The Successful Assault On The Inner Defensive Wall of Le Quesnoy - 4 November 1918


A number of myths have been circulating about the final and successful assault on the inner defensive wall at Le Quesnoy during the town's liberation on the fourth of November 1918. This is an attempt to set the record straight based on a number of contemporary sources.


The orders for the attack by the New Zealand Division on the 4th of November explicitly state that Le Quesnoy was not to be attacked but encircled under the cover of smoke. It was after achieving their objectives that the 3rd New Zealand (Rifle) Brigade set about "mopping up" the town.

The german garrison failed to cooperate by surrendering even after repeated attempts to get their surrender including a request dropped by an aircraft. Different battalions then started to force approaches from different directions through the outer fortifications of the town. There were several ladders and floats at this stage to deal with the flooded moats and outer walls.

The stained glass window in St Andrews Church with its multiple ladders may be more accurate than many give credit.

Scaling Of The Inner Wall

Lt Averill leads the assault on the inner wall at Le Quesnoy.

Memorial window, St Andrews Church, Cambridge

The successful scaling of the inner wall was planned and executed by the 4th Battalion of the Third New Zealand (Rifle) Brigade. It required the clearing of two bastions, one each side of the wall to be scaled by bombarding them with motar fire, rifle grenades and raking them with machine guns. The wall ramparts were also similarly cleared. By this stage there was only one serviceable ladder. This and a number of men had to be placed at the base of the wall without arising too much suspicion.

Having got the men in position two riflemen placed the ladder's footings on a narrow ledge/sluice gate structure and raised it. Before the top of the ladder touched the wall 2nd Lt Leslie Averill is reported as being half way up it. Averill on dismounting the ladder did encounter opposition. Close behind him was 2nd Lt H W Kerr and other men from the battalion. Next on the ladder was the officer in charge of the 4th Battalion, Major Barrowclough, and two signallers with their equipment. At 4:15pm it was reported that they were in the town and about fifteen minutes later men from another battalion stormed through the Valenciennes Gate.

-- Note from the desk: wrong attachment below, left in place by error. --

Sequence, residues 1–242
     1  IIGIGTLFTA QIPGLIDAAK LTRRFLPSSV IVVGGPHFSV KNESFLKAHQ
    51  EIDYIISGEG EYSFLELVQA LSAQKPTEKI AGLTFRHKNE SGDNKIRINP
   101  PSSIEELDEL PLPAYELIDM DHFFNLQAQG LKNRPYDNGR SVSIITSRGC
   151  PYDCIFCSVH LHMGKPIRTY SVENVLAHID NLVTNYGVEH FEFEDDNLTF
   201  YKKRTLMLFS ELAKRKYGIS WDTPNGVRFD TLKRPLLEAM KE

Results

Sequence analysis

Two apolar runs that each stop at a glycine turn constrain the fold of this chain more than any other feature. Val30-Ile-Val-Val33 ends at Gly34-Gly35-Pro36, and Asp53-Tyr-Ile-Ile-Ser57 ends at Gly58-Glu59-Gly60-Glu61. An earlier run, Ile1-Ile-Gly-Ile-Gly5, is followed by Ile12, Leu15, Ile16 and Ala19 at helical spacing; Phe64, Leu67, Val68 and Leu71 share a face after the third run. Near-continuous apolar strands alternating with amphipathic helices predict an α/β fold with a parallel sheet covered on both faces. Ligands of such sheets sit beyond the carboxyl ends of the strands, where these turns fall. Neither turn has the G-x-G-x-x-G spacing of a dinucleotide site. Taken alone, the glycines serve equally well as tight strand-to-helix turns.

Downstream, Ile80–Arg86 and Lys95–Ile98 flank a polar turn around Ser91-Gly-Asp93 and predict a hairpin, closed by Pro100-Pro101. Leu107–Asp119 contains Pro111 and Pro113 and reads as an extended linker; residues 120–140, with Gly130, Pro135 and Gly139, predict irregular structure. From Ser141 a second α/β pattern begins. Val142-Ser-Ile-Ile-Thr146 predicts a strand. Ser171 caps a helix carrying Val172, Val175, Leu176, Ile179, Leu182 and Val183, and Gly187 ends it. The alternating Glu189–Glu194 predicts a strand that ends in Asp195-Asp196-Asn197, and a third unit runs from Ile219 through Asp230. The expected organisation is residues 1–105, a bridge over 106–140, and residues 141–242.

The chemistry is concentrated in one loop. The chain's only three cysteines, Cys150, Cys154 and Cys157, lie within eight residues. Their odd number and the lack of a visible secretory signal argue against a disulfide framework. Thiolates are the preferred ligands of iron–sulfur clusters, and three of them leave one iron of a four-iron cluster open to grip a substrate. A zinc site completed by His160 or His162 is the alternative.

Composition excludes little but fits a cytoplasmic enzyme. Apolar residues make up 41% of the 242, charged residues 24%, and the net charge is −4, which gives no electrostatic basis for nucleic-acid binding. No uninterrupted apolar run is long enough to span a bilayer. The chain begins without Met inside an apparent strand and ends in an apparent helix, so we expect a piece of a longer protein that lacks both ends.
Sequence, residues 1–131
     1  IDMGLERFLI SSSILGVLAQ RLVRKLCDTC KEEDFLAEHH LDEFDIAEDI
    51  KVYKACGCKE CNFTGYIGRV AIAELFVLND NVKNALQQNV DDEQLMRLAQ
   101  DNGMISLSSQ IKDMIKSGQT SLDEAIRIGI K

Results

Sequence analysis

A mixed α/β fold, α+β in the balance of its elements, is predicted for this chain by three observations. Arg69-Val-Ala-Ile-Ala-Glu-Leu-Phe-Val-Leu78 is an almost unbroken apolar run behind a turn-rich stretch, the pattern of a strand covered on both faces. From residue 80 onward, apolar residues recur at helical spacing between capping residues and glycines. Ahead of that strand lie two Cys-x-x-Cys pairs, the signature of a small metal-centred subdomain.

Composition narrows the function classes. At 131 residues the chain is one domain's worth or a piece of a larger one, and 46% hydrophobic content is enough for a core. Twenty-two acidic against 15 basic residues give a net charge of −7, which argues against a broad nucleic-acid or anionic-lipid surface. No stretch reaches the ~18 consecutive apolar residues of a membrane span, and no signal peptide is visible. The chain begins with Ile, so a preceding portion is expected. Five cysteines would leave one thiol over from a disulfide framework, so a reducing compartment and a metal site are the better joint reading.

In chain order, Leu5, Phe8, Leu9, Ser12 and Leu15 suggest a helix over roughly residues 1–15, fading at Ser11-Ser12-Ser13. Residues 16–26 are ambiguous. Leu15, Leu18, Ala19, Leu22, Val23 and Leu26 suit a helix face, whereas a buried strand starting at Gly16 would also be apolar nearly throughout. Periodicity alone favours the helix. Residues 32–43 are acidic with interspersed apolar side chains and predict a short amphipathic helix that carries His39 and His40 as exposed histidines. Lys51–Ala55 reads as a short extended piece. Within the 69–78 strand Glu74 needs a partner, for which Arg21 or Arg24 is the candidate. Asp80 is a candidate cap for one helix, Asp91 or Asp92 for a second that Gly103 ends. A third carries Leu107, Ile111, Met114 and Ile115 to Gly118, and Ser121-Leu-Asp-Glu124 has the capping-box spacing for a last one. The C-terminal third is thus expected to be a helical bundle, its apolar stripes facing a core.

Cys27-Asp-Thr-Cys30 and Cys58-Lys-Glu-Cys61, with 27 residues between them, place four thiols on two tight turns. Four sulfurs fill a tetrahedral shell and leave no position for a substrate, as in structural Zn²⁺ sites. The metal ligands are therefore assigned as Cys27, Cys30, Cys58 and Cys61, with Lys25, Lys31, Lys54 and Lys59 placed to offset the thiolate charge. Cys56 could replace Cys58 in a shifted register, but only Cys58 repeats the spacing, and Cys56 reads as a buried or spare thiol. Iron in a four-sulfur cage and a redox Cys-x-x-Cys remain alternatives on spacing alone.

The German commander that evening surrendered to an officer from the 4th Battalion.

The New Zealand (Rifle) Brigade by 1916 was made up of four battalions. Unlike other brigades in the NZ Division, the battalions were not provincial battalions and so were simply numbered 1st, 2nd, 3rd and 4th. The 1st NZ Infantry Brigade by contrast consisted of the 1st Auckland, 1st Canterbury, 1st Otago and the 1st Wellington battalions. There is nothing in the records to support the supposition that Cambridge men led the liberation of Le Quesnoy. Averill was a Cantabrian, Kerr appears to have been from Woodville, Barrowclough was from Palmerston North and Herbert Hart the officer in charge of the New Zealand (Rifle) Brigade was from the Wairarapa.

There was at least one soldier from Cambridge who participated in the action that day. He was Clive Mortimer Jones who enlisted while vicar of St Andrews Anglican Church and returned to be its vicar on his discharge.

The name missing from this account is another Cantabrian Lawrence Maurice Blyth. 'Curly' by this time was a young 2nd lieutenant commanding C company in the 1st Battalion of the Rifle Brigade and so took part in the battle but was not part of the party that scaled the inner wall.

If anyone feels that myths around the liberation of Le Quesnoy are recent inventions on page 593 of "The New Zealand Division, Volume 2" by H Stewart there is a foot note:

"Local legends have already grown round the circumstances of the capture of Le Quesnoy. In Sept. 1919 an elderly quidnune pointed out with assurance the tree which Averill's party had cut down against the rampart to effect ascent."


The New Zealand Division's last significant battle of the First World War was very well planned and executed resulting in minimal casualties and damage to the old fortified town of Le Quesnoy. There were no civilian casualties in the town. All the objectives were achieved. This must rate as one of the most successful actions in New Zealand military history.

J R Lummus

March 2018


"The Official History of the New Zealand Rifle Brigade". Lieut.-Col. S. Austin. Published by L. T. Watkins Ltd., 1924, Wellington.

"Official History of New Zealand's Effort in The Great War. Volume 2 France. The New Zealand Division 1916 -1919. A Popular History Based on Official Records". Colonel H Stewart CMG DSO MC. Published by Whitcombe and Tombs, 1921.

Copyright J R Lummus, 2018